PublicationsNovember 25, 2000

May Either Man Win

With each twist and turn in this extraordinary election saga, commentators have marveled at the public’s patience with the uncertainty and wondered when it would run out. The simple fact is that most Americans have been tolerant and temperate for the same reason that the election was so close in the first place. George W. […]

PublicationsOctober 30, 2000

Attentive Swing Voters Lean Toward Gore; Inattentive Voters Are Split

As the presidential campaign moves into the home stretch, two distinctly different groups of swing voters may well determine the outcome. Attentive swing voters — those who have followed the campaign relatively closely and are just as likely to vote as those who have made up their minds — currently favor Al Gore and strongly […]

PublicationsOctober 20, 2000

The Empty Center of Campaign 2000

If you are expecting to soon find out what the election will turn on now that the debates are over, you’re going to be disappointed. In fact, you may be puzzled about the whys of the outcome even after we know the winner of campaign 2000. This is a very different kind of election. Not […]

PublicationsJuly 14, 2000

Another Bush Lead Vanishes?

Poll-watchers hoping to learn now how the presidential election will turn out this fall are going to be disappointed. While Texas Gov. George W. Bush has often held the lead over Vice President Al Gore since the end of primary season, Bush’s advantage has been fleeting. More often than not, it is here one day […]

PublicationsJune 16, 2000

Is Gore Like Bush…or is Bush Like Kennedy?

Political analysts looking for historical parallels can’t decide whether the 2000 presidential race looks more like a rerun of 1988 or 1960. Will Vice President Al Gore take a page from Vice President George Bush’s play book, when he overcame a big deficit in the early polls and soundly defeated Michael Dukakis? At a comparable […]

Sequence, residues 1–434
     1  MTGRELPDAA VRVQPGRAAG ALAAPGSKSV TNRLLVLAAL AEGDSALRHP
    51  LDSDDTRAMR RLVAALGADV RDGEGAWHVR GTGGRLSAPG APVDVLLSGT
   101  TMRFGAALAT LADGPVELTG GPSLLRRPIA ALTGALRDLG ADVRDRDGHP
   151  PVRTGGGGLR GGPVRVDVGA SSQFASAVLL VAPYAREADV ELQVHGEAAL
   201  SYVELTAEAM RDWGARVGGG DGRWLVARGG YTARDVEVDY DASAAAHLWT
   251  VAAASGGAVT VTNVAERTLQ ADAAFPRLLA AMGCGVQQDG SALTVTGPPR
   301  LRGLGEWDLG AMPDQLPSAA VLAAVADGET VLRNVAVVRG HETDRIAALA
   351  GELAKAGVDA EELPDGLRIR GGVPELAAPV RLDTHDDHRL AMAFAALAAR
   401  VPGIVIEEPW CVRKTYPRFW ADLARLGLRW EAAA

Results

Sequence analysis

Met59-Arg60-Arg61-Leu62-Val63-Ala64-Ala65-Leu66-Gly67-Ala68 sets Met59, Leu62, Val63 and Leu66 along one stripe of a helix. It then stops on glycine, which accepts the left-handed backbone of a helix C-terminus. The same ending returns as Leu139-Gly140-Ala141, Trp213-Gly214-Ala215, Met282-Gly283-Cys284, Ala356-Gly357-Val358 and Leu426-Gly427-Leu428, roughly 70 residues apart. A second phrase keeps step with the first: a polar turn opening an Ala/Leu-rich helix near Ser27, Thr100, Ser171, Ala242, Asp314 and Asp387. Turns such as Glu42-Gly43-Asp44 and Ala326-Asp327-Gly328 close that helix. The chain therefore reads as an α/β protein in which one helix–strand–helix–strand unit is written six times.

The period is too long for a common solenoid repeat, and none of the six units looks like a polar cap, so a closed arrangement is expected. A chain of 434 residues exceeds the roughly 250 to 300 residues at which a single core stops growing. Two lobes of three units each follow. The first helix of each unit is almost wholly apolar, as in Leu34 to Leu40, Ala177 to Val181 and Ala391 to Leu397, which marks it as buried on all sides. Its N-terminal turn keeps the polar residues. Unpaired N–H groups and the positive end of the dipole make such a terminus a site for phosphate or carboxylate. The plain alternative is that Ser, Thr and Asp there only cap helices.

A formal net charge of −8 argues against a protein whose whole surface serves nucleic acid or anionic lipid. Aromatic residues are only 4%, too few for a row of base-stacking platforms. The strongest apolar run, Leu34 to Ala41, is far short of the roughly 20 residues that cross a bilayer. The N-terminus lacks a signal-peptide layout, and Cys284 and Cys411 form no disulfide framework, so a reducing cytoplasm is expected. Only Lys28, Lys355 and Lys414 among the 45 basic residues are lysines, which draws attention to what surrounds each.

PublicationsMay 12, 2000

Gore, Bush and Guns

As a million moms get set to march on behalf of gun control this weekend, it’s not clear how this issue will play in voter decisions in the fall. The conventional wisdom has held for a long time that while proponents of more restrictions on firearms outnumber opponents, it’s intensity that counts at the ballot […]

PublicationsApril 25, 2000

The Public Affairs Gender Gap

In addition to regularly tracking news interest, the Pew Research Center has periodically tested the public’s knowledge of news and current events by including “information” questions on many of its surveys. These information questions are designed to provide insight into how extensively major news stories are understood and absorbed by the public. They cover a […]

PublicationsApril 14, 2000

So Who’s Ahead?

Voters are having a hard time making up their minds about the presidential candidates and it is showing up in the divergent results of the horse race polls. Unlike four years ago, at this point in the campaign the national polls provide little insight as to who will win the White House in November. The […]

PublicationsMarch 15, 2000

The Two Strains of Swing Voters

With all eyes now firmly focused on a general election match-up between Al Gore and George W. Bush, the big question is which way independents will go — particularly those independents who have been supporting John McCain. While McCain’s popularity has focused more attention on this crucial bloc, independents are the swing voters in every […]

PublicationsMarch 12, 2000

What ’McCain Voter’?

For Al Gore and George W. Bush, the McCain vote has become the holy grail of the presidential race, the swing vote each man thinks he needs to put him over the top. But this line of reasoning has one big problem: there is no “McCain vote” — the exit data from the primaries show […]

PublicationsMarch 1, 2000

The Religious Landscape in Upcoming GOP Primary States

The religious profile of Republicans and independents who lean to the Republican Party suggests that Senator John McCain’s attack on certain Christian Right leaders may cloud his chances to succeed in Southern states, as well as certain Midwestern and Western states where white evangelicals(1) make up the largest religious bloc of voters. This group comprises […]

PublicationsFebruary 8, 2000

A Gender War at the Ballot Box

Usually, the differences between Republican and Democratic voters in the primaries are socioeconomic. Republicans, it can safely be said, are generally richer and better educated. But that was not the big difference in the New Hampshire primary. The parties split principally along gender lines: men flocked to the Republican primary, while women chose to vote […]

PublicationsFebruary 2, 2000

Bush Faces Stature Gap, Bradley a Gender Gap

Notes from the New Hampshire Exit Polls

PublicationsJanuary 28, 2000

Bradley Deficit Daunting; Bush Closer

The New Hampshire Polls